|The Internet bubble in Middle East politics
What is true of the atomized, post-cultural young people of the United States applies in force to the Facebook revolutionaries of Egypt. They are neither secular nor Muslim, neither modern nor traditional, neither enlightened nor backward. They are stuck in a cultural twilight zone, between the traditional world of their cousins who mutilate their daughters' genitals, and the modern dystopia flickering in colored pixels just beyond their grasps. They have no safe place in Arab society, except in the disembodied cyberworld of social networking.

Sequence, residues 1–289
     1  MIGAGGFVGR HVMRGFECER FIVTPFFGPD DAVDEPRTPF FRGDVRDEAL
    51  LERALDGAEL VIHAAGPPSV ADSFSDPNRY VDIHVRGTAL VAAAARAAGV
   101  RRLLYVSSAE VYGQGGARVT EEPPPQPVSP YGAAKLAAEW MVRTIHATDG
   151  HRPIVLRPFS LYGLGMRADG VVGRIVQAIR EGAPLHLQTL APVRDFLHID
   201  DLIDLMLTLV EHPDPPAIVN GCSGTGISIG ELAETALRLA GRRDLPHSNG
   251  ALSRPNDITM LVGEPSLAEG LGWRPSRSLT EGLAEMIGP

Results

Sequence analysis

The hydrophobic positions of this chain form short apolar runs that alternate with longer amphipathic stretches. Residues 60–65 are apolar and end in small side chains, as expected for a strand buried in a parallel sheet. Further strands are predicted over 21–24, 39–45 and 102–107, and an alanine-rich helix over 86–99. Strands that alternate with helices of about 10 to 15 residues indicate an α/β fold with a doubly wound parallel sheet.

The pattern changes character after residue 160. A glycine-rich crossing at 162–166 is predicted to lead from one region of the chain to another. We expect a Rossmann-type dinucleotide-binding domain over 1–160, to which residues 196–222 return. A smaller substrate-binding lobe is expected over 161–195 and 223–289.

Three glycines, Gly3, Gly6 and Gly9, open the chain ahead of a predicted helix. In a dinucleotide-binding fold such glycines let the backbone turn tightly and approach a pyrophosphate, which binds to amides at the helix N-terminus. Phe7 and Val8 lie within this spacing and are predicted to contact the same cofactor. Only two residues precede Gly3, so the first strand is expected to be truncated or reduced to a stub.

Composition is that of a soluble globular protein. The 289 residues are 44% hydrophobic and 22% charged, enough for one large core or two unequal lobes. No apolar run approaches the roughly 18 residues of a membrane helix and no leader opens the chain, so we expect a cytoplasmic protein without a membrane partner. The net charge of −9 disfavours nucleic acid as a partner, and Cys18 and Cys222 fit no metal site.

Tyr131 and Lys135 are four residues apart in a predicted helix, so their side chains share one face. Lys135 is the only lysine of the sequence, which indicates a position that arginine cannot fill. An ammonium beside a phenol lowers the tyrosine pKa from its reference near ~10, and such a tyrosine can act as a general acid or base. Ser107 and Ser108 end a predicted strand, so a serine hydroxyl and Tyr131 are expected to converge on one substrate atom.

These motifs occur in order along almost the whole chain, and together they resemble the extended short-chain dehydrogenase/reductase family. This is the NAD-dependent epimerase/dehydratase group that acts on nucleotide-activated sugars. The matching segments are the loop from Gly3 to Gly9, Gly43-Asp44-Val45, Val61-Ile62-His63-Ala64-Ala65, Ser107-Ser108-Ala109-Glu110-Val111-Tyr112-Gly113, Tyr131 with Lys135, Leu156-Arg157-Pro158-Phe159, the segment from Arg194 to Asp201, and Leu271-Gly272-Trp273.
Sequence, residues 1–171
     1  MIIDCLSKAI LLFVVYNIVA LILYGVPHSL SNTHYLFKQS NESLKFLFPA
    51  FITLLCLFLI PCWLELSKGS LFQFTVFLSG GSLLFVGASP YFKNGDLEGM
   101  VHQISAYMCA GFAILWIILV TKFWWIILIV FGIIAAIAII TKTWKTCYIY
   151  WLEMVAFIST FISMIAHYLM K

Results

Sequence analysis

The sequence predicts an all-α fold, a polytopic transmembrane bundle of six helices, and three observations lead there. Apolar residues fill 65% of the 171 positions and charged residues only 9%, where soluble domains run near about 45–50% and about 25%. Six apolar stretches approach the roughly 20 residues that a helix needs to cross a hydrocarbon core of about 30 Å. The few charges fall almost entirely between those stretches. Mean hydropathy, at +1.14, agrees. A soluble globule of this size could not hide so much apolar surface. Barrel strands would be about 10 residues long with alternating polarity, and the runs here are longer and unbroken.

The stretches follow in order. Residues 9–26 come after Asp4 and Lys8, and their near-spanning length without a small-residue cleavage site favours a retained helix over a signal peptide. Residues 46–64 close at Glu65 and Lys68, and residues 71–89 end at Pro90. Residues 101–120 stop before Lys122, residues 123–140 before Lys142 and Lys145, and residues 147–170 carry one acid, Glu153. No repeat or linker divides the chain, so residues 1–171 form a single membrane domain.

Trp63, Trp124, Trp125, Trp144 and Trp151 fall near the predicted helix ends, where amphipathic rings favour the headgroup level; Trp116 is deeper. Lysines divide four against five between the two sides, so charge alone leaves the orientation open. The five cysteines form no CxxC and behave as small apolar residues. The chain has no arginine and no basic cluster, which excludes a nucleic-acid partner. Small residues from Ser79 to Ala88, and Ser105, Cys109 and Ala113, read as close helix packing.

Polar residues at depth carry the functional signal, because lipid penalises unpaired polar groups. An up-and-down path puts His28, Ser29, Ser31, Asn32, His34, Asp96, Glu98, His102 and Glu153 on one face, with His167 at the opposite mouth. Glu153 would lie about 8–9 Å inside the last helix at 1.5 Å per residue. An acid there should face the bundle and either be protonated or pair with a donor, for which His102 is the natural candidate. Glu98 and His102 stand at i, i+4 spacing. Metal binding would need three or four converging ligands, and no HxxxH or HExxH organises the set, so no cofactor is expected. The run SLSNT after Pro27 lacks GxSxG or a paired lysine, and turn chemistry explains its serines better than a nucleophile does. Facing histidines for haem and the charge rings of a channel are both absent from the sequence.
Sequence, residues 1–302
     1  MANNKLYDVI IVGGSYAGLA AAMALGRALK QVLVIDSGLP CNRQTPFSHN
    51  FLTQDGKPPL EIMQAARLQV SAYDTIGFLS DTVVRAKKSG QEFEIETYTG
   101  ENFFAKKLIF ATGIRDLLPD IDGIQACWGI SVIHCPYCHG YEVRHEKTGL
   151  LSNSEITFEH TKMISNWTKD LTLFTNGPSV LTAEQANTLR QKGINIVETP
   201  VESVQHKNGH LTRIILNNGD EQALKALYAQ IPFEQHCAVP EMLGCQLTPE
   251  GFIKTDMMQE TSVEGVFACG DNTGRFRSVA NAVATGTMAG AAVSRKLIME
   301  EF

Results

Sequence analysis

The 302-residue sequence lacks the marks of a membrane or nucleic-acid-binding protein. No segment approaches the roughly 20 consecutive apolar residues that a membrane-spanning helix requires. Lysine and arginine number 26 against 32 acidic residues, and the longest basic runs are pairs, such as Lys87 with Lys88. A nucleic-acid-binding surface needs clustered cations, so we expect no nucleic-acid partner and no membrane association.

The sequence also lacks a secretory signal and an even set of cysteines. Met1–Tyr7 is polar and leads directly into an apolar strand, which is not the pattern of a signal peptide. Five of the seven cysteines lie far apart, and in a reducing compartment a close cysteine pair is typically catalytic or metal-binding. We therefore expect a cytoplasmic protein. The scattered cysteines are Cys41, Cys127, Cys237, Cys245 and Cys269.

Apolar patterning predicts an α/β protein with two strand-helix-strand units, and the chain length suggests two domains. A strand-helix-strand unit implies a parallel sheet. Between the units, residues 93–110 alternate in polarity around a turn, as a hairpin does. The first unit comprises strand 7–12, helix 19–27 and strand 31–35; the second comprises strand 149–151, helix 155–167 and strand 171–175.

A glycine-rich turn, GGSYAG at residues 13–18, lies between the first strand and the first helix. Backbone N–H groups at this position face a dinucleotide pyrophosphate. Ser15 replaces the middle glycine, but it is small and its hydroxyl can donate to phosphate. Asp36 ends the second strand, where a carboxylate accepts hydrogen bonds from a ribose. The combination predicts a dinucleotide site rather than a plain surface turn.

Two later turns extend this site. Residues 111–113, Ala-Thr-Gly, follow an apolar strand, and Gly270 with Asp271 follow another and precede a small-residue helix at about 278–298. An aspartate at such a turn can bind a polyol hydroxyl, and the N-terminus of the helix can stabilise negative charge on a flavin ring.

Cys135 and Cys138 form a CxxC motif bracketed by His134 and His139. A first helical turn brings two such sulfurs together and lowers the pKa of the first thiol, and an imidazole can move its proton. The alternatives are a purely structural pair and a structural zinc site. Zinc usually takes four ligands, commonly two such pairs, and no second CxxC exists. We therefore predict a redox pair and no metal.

Removing president Hosni Mubarak was like demanding that Atlas unshoulder his burden. Why is agricultural productivity in Egypt so low? Because a rise in output per farmer would throw tens of millions of farmers off the land, and into Cairo's pool of 17 million people, most of them utterly destitute. Who will find jobs for the illiterate 40% of Egypt's workforce, or for that matter, for millions of unemployable university graduates?